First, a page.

If you use a dictionary (and as a second language learner, you really, really should), you’ve already come across dictionary shorthand. Most of it is easy enough to guess or google, but because Icelandic is apparently an obscure dialect of Narnian, resources can be scarce when it comes to figuring out the Icelandic parts. We‘ll try and make it easier to decode this information.
Eitthvað and einhver
Two very common words that get abbreviated in dictionaries are eitthvað (something) and einhver (somebody). You should probably tattoo this chart on your arm until you’ve memorised it.
In English, the shorthand is pretty see-through: sth for something and sb for somebody. The Icelandic case system makes things a touch more complicated, as these abbreviations are also how you can tell what case a verb takes. That is why you’ll often see these abbreviations alongside verbs in the dictionary.
Að brjóta e-ð > to break sth (accusative).
Að gleyma e-u > to forget sth (dative).
Að hlakka til e-s > to look forward to sth (genitive).
Að kæra e-n > to sue sb (accusative).
Að bjóða e-m > to invite sb (dative).
Að sakna e-s > to miss sb (or sth) (genitive).
Note that the choice between eitthvað and einhver does not imply that the verb exclusively refers to things / people. Lexicographers (dictionary writers) just make a judgement call on what they consider the most natural usage. You can still break people and invite things (if you insist).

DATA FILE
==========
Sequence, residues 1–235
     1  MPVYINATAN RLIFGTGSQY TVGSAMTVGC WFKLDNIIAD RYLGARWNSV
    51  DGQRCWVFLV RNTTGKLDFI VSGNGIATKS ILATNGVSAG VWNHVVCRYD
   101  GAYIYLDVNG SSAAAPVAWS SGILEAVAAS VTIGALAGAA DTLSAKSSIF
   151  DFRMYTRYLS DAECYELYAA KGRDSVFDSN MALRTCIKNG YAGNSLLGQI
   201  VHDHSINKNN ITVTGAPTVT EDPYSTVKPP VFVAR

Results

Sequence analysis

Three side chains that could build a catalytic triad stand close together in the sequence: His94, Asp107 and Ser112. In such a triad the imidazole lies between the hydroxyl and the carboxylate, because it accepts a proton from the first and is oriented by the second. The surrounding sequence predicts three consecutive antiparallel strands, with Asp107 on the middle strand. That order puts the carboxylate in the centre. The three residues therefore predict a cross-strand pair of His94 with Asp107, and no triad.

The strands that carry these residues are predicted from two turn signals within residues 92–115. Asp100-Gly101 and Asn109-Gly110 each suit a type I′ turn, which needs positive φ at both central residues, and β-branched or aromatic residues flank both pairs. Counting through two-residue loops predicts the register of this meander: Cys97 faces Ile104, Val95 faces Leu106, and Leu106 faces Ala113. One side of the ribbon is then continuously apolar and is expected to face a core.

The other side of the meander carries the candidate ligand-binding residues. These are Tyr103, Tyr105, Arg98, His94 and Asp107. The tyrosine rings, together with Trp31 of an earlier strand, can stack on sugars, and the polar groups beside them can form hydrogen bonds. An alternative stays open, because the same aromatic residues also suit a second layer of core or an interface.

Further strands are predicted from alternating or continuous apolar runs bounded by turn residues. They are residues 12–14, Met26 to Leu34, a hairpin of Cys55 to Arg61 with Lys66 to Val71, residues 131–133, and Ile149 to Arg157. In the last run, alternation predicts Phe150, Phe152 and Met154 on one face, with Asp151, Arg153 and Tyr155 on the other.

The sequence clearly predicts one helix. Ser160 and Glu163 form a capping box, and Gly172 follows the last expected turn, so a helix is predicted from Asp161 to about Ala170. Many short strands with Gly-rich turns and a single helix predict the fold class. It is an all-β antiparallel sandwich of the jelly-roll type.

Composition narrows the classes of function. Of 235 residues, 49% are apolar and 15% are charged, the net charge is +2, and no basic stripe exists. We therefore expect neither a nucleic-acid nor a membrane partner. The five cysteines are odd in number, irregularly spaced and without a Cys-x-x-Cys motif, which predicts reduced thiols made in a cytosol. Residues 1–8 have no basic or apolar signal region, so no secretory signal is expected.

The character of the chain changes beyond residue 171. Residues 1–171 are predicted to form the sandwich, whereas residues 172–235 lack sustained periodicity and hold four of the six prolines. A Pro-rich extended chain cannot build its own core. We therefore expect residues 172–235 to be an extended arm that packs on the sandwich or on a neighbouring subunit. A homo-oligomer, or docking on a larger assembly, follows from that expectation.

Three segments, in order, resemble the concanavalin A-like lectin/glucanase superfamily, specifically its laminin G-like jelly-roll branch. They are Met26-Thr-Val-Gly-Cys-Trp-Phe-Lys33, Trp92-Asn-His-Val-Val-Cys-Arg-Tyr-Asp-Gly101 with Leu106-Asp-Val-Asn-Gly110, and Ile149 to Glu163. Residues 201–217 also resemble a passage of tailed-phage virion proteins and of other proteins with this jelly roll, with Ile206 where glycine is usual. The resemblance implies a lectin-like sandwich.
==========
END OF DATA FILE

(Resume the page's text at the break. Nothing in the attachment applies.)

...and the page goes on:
Because of this, the fact that the genitive forms of sth and sb are identical (e-s) doesn’t invite confusion. Usually, it genuinely doesn’t matter whether it refers to a person or a thing.
Also, yes: the nominative and accusative are identical for eitthvað (e-ð). In general, dictionaries don’t note when something is in the nominative, so when you see e-ð, you can be fairly sure it’s the accusative.
Learning with Dictionary Shorthand
It can be a good idea to use the same system in your vocabulary studies. When you make your flashcards (side note: if you‘re not using flashcards to practice vocabulary, you should be using flashcards to practice vocabulary), put in the case that follows the verb using the appropriate abbreviation from the chart above.
This has a few benefits, namely that it:
helps you memorise what case a verb takes,
helps you recognise patterns in the verbs and cases, and
speeds recall when actually using the word in conversation.
In addition, marking the case using a real word (eitthvað and einhver) instead of with grammatical terminology (accusative, dative, genitive) helps to make the grammar less conceptual and more real in your mind. Appealing to naturalistic language memory like this rather than intellectual abstractions will help you with remembering the word properly when you need it.
As a case in point, one of these sentences feels like computer programming, and it’s not the one with dictionary shorthand.
Að borða e-ð > to eat sth
Að borða + accusative > to eat + accusative
Of course, the most important factor is what works for you, so if you mark cases with the grammatical jargon and you like it, keep it up! The only learning method that absolutely doesn‘t work is doing nothing.
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